Here's the final episode of Hit the Big Time, the short-film-turned-web-series what I wrote...
If you missed any episodes you can find links to them all on the website. You can also support the film and keep up to date on any further developments by joining the Facebook group.
Anyway, it's a project that's about as old as this blog and it's nice to see it finally come full circle. I'm really glad it exists and I think everyone involved did a great job. It certainly looks very slick and professional and it definitely has high production values for something I assume cost next to nothing to make.
I'm not entirely happy with the film as a showcase of my writing. On the one hand that's okay because the credit is split four ways, but at the same time I've improved a lot since 2008 and some of the stuff I don't like is definitely mine. I do remember my first draft being a lot neater - originally the whole thing ended with Cooper and Crouch being chased by the gang they ran into earlier. The narrative was split, so it cut to the 'I've got an ending for you' line but this time being delivered to the producer character, Lenny Rosenstein, then cut back to the present where Rosenstein is about to run them over as they escape from the gang. When he stops, they steal his car and toss Rosenstein out the back as a distraction to make their escape. Cut to the hotel room where they're frantically packing their stuff to leave town when Rosenstein's assistant (and Byron Richmond's nephew) Martin shows up with a suitcase full of cash for killing Barry Brutowski. They then realise the old guy they hit in the opening scene was Brutowski and the final lines were 'It was all planned. We're professionals.'
Not that the above is necessarily better, but it did tie up all the loose ends in a much tider way and I think some of that has been lost. Yes, the Park City location certainly adds more production value but I think ultimately it was at the cost of the narrative and it feels a bit tacked on. To be fair, I could've fought harder for my version, or I could've worked harder to make the Park City scenes work. I didn't. By then I knew I was sharing the credit with three other people and I couldn't be bothered. I know that's not necessarily the most accommodating attitude but nothing that's happened to me since has really changed my opinion. I recently heard Aaron Sorkin compare a script to a car, in that your structure is the engine and the thing that makes it go, while everything else basically comes down to what colour the car is. Someone else can always come along and change the colour, but I think that the writer's credit belongs to the guy who built the engine. In this case that was definitely me, but I guess at least my 'story by' credit comes up first at the end so I can't complain too much.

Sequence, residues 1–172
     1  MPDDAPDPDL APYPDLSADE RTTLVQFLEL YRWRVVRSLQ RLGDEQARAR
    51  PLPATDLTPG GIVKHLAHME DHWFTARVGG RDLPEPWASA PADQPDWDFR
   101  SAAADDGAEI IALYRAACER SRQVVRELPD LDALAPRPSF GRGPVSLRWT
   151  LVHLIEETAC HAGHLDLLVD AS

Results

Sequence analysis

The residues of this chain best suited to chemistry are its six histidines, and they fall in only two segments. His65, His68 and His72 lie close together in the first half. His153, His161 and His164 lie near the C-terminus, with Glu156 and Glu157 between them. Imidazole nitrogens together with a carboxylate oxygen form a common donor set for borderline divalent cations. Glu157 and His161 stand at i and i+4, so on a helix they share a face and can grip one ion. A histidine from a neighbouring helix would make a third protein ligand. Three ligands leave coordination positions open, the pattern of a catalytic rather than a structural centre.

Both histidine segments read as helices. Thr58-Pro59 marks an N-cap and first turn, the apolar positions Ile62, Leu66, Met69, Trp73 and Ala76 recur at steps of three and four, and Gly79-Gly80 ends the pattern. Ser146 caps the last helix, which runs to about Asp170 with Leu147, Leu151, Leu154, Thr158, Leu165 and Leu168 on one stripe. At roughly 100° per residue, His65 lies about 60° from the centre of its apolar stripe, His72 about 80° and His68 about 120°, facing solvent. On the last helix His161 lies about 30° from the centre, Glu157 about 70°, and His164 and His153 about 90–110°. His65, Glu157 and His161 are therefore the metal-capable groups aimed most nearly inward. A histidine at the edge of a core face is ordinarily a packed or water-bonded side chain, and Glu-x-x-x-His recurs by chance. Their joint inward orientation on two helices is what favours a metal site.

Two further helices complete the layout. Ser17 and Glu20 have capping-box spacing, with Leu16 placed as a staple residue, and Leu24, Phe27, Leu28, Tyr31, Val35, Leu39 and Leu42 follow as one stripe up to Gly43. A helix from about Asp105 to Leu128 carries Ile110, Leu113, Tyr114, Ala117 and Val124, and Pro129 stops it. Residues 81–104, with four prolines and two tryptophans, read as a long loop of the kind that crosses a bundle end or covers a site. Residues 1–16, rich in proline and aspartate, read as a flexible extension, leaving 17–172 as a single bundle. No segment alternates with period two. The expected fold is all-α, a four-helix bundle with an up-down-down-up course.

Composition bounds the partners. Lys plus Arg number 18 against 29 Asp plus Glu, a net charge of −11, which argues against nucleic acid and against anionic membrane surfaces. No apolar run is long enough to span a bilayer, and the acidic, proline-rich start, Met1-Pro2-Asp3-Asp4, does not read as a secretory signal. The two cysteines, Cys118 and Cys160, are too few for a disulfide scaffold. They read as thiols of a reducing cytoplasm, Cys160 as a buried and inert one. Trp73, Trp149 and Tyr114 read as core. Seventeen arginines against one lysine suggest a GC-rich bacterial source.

On a slightly different note, had I had completely free reign over the film from the start I would definitely have made them gay. I considered this briefly when I started, but figured those involved would never go for it so I never brought it up. But when Ten Dead Men was released everyone I spoke to about the Parker and Garrett characters (whose dialogue was mostly improvised) referred to them as the gay hitmen. Most assumed this was a deliberate reference to Mr. Wint and Mr. Kidd in Diamonds are Forever. It wasn't, but watching the short I think maybe it should've been. As it is, I think there's something a little unsettling about the treatment of the Martin character (whose extreme campness was an invention of the actor) that reminded me a little of the scene from Vanishing Point when Barry Newman beats up the two gay car-jackers and I guess we're supposed to cheer. At the same time, the film itself is so camp and over-the-top that something doesn't quite sit right with Cooper and Crouch leering over the women in the film. It feels like the whole thing is in denial. Had I been in total control of the script I would attribute this to my reluctance to write the characters the way I really wanted to write them, only I wasn't so I am using the only advantage of sharing the credit and saying that the odd tone of the film is not my fault.
It's been so long now none of this really matters. The film exists and is out there in the world which is the main thing, because now at least all the work everyone put in means something now. I think JC, Jason and Helen all did an amazing job to get it this far, especially considering the long and arduous post-production process. It is certainly a lot of fun, and I am proud of the fact that it is at least a short that tells a big story and is not, as Brother Pete puts it, 'about the death of the world, juxtapositioned with the lack of Wheatabix left in the box on a Monday morning.'
And that reminds me, I really must get my short finished...
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